Posted: October 25, 2018
When she began to lose her sight, Marge Vitale couldn’t have imagined how this loss would inspire a new vision in those around her.
Sixteen years ago, Marge was diagnosed with a rare but hereditary eye disease called retinitis pigmentosa. Within a few years, she was legally blind and could not drive. The transition wasn’t always easy.
“My nickname used to be Marge in charge,” she explained. “I miss being able to walk on my own. I used to walk three to five miles every day.” Now she relies on the help of her husband Dave and a white cane to navigate around Holly Creek Retirement Community, where they moved a year and a half ago.
Marge Vitale isn’t the only one, either. Nearly ten million Americans and a disproportionate number of those being older adults experience extreme vision loss. At Holly Creek alone there are 20-30 seniors who gather weekly to listen to speakers, offer each other support and share tips for living with low vision.
But losing their sight hasn’t slowed these seniors down. This Fall, they decided to once again to take a stand, or rather a walk, for the cause that they all care about deeply. Last year, Dave and Marge Vitale introduced to the group a way that they could work for a cure while also sharing a favorite pastime — walking. The couple previously led a team to raise funds for the Foundation Fighting Blindness at the Annual VisionWalk in Buffalo, New York.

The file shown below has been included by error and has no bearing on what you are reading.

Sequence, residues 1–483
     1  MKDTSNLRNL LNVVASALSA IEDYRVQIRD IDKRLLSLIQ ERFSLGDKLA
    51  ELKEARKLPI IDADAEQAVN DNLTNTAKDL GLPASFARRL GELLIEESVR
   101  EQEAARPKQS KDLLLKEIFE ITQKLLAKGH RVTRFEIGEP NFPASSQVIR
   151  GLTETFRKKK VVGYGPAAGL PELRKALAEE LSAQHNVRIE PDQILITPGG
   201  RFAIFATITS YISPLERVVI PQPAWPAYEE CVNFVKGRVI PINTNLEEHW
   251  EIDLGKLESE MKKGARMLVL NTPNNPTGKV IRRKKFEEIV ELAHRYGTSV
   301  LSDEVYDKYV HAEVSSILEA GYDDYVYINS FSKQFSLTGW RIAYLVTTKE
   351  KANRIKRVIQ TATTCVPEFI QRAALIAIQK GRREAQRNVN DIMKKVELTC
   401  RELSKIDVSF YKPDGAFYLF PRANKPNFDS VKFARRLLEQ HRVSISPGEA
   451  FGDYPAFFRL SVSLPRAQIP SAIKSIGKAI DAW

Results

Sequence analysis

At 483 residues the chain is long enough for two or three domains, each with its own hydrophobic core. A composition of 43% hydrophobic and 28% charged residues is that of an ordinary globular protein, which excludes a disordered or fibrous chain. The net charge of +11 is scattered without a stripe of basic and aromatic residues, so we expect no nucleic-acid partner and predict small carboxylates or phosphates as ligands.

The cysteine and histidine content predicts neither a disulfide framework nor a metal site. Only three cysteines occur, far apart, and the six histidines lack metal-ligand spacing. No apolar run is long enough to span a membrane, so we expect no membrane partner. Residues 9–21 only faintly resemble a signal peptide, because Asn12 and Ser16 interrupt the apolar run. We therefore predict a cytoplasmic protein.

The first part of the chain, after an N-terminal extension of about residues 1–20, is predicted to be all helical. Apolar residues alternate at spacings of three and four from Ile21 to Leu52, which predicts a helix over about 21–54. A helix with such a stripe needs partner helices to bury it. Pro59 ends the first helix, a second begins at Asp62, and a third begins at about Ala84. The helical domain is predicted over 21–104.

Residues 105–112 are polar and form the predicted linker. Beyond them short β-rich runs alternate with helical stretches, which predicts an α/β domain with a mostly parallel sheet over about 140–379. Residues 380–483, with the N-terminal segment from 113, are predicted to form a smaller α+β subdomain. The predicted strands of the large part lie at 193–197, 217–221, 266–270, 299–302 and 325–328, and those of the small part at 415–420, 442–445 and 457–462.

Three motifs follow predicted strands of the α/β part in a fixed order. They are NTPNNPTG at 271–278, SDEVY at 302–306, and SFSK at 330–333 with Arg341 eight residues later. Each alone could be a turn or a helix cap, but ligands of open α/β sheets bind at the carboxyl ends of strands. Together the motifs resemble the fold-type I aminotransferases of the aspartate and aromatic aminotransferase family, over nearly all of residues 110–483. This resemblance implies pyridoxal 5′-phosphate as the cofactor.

This Fall, the Vitales once again gathered family and friends from the Low Vision Group and surrounding Holly Creek community to join Colorado’s Annual VisionWalk. More than 10 walkers laced their sneakers as part of “What’s in Sight for Holly Creek,” which still remains the first and only retirement community team to ever participate in Colorado’s Walk.
On a gorgeous morning gifted between a series of chilly-weather days, the team made their way around City Park’s lake — many of them completely by feel — to raise more than $9,000 for the Foundation Fighting Blindness. Not only did this impressive accomplishment place them 4th in the list of biggest contributors, but it also offered an important contribution to the Foundation’s work.
“All of that money goes straight into research,” explained Bob Stong, who helps lead the Low Vision group and has had molecular degeneration himself for nearly 40 years. The Foundation Fighting Blindness works with premier universities and retinal groups all over the world, and, as Dave explained, has just entered human testing of a new stem cell therapy with the potential to restore sight. Their VisionWalk goal this year is $175,000, which is more than they’ve ever raised before.
“We love raising money for such a good cause,” Marge Vitale shared. “That truly is why we’re involved, and it’s why we encourage other people to participate.”
Marge Vitale crosses the finish line with her daughter Jill
Going forward, the Vitales and their friends plan to continue Holly Creek’s participation in future Colorado VisionWalks and encourage other seniors and retirement communities to do the same.
“I’d love to have other senior communities get involved,” Dave said. “Getting together teams and raising the funds—This is how we walk together toward a cure. It might not be in time for Marge, but we hope to help it be for future generations.”
This story originally appeared in Denver Post’s YourHub and is used by permission.